Remember ice fishing safety as season gets started

Any good ice fishing outing has to start and end with safety considerations foremost in mind.

It’s the most basic tenet of firearms safety: treat every gun, always, as if it’s loaded.

Mechanical safeties can fail, after all. So the surest way to avoid tragedy is to be extra cautious.

The same principle applies to ice. Always treat it as unsafe until proven otherwise.

To assume differently is potentially catastrophic.

“Ice fishing is associated with more severe injury patterns and more thermal injuries and immersion injuries than traditional fishing,” reads a study of “injury patterns and outcomes” related to ice fishing in the United States, published in The American Journal of Emergency Medicine. “Providers and participants should be aware of the potential risks and benefits and counseled appropriately.”

The host of Milliken Fishing, a prominent Youtuber, attested to that recently. He posted a video titled “I NEARLY DIED While Fishing” talking about a fall through the ice. He had to be rescued and later hospitalized.

Around the country, more than a few people get hurt, and several die, just that way each winter.

The Minnesota Department of Natural Resources tracks ice-related fatalities. The totals take into account not just ice fishermen, but also people plunged into icy water while ice skating, sledding, snowshoeing, cross country skiing and even driving.

Cold water treats them all equally harshly.

Only once between 1976 and 2018 – that being in 2015-16 – did the department record no deaths. On average in Minnesota, five people die in ice-related accidents each year, though that number has trended downward in recent seasons.

It’s not just Minnesota, though. Such tragedies occur all over.

Pennsylvania, Michigan and New York, for example, have all seen ice anglers die in recent years.

So two things are clear.

First, ice fishing is fun.

“Ice fishing is a great, inexpensive way to get outdoors in the winter and can produce both large numbers of fish and larger individual fish,” said Andy Shiels, deputy director for field operations – and an avid ice angler – for the Pennsylvania Fish and Boat Commission. “It can be an escape for anglers seeking peace and quiet, or it can turn into a real social event. Often, friends and family will gather in groups to ice fish, tell stories and eat food in a tailgate-type setting.”

But it’s dangerous to stretch the limits, too.

That’s important to remember at all times, but especially right now, when ice anglers are itching to start their season.

“The rush to get out onto the ice can lead to tragedy unless anglers remain vigilant about the condition of the ice,” said Basil Seggos, commissioner with the New York Department of Environmental Conservation.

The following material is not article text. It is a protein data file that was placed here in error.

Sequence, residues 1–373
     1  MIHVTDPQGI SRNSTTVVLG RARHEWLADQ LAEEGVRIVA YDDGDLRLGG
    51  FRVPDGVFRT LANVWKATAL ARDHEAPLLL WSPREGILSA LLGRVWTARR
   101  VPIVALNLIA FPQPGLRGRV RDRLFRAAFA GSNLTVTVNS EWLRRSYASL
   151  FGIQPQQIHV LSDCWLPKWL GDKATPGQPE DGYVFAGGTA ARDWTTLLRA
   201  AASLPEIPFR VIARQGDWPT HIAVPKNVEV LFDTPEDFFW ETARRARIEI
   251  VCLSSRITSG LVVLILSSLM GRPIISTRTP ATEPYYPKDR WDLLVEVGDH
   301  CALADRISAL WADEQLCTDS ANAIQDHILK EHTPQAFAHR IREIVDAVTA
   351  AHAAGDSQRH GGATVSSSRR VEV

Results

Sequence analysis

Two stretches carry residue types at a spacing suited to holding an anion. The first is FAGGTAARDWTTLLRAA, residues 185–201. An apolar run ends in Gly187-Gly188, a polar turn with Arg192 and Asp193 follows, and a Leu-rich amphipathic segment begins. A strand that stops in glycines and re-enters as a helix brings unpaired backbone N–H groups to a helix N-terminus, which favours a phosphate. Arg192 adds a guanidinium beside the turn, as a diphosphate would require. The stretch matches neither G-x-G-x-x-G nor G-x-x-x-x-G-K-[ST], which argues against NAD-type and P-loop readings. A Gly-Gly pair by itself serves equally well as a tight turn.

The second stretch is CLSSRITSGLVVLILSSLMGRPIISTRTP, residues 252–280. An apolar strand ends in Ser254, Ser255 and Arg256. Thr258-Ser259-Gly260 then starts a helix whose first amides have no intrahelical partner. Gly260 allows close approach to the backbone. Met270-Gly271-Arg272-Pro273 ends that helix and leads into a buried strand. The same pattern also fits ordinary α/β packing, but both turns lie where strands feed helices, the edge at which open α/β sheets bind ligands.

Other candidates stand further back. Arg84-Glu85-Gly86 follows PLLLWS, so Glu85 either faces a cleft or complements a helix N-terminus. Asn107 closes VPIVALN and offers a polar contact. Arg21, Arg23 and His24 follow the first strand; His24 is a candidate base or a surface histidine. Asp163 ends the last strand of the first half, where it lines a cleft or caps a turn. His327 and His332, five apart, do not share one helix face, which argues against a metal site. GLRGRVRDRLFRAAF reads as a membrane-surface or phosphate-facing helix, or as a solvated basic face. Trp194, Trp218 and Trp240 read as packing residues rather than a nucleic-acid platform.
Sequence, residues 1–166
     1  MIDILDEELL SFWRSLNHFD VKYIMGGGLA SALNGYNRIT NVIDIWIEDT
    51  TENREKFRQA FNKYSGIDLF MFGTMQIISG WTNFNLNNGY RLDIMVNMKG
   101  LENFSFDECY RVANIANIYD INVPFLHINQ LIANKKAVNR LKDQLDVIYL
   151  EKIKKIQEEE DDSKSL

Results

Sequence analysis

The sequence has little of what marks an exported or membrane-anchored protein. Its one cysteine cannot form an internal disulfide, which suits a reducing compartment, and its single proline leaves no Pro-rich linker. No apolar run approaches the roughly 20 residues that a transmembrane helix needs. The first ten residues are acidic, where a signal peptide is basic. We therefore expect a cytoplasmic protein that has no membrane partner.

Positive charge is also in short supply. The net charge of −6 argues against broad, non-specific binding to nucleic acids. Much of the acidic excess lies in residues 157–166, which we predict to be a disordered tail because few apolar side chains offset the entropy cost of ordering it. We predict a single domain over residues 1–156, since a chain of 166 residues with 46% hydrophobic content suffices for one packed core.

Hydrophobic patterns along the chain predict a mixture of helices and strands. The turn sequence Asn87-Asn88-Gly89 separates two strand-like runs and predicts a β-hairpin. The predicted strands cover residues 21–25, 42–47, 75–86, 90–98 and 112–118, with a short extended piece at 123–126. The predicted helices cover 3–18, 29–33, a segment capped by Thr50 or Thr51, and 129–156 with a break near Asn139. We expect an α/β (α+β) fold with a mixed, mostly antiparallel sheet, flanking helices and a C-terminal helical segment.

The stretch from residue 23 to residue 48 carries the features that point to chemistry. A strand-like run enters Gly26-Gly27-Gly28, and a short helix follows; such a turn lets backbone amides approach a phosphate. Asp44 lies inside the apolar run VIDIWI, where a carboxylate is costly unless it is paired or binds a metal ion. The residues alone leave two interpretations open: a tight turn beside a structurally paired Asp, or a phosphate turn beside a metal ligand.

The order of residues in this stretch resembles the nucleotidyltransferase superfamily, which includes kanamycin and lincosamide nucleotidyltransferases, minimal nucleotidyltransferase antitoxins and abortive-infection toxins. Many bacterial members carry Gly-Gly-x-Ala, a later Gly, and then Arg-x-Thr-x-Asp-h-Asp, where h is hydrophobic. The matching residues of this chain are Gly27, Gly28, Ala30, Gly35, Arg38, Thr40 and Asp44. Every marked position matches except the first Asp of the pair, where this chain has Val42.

Four inches of ice is considered the minimum needed to support a person. More is better, with seven inches the standard if there’s going to be a group of anglers together.

Ice is not uniformly thick on a lake, though, warned Jason Batchelder, Vermont Fish & Wildlife’s chief game warden.

“Ice conditions can vary dramatically on different parts of a lake. Remember, even though it may look thick enough on the surface, moving water from currents, rivers and springs can cause ice to form unevenly,” he said.

Most importantly, if there’s any doubt ice might be unsafe, don’t venture onto it. Find something else to do or somewhere else to go and live to fish another day.

“Once we have sustained cold weather to form good ice, activities such as ice fishing can be safe and a lot of fun,” said Batchelder, “but when we go onto the ice, we need to use good judgment and observe several safety precautions.”


Bob Frye is the Everybody Adventures editor. Reach him at (412) 216-0193 or See other stories, blogs, videos and more at

A look at how much ice is needed to support various weights.

Some other ice fishing safety recommendations

Some other safety considerations to keep in mind are:

Leave information about your plans with someone — where you intend to fish (or snowshoe, ski or hike, if that will take you across ice) and when you expect to return.

Always wear a life jacket or float coat while on the ice. Avoid inflatable life jackets, which do not perform well in freezing temperatures.

When arriving at the water’s edge, visually survey the ice. Look for open water areas and signs of recent changes in water levels. Ice sloping down from the bank can indicate a recent drop in water level, while wet areas on the ice can indicate a rise in water level.

Ice varies in thickness and condition. Always carry an ice spud or chisel to check ice as you proceed. If the ice staff punches through, retreat to shore slowly.

Look for new ice, which is clear or has a blue tint. New ice is stronger than old ice, which can appear white or gray.

Listen for loud cracks or booms coming from the ice. This can be an indicator of deteriorating ice.

Be extremely cautious crossing ice near river mouths, points of land, bridges, islands, and over reefs and springs. Current almost always causes ice to be thinner over these areas.

Avoid going onto the ice if it has melted away from the shore. This indicates melting is underway, and ice can shift position as wind direction changes.

Waves from open water can quickly break up large areas of ice. If you can see open water in the lake and the wind picks up, get off.

Take your fully-charged cell phone with you.

Carry a set of hand spikes or awls – store bought or homemade — to help you work your way out onto the surface of the ice if you go through.

Carry a safety line to throw to anyone falling through the ice.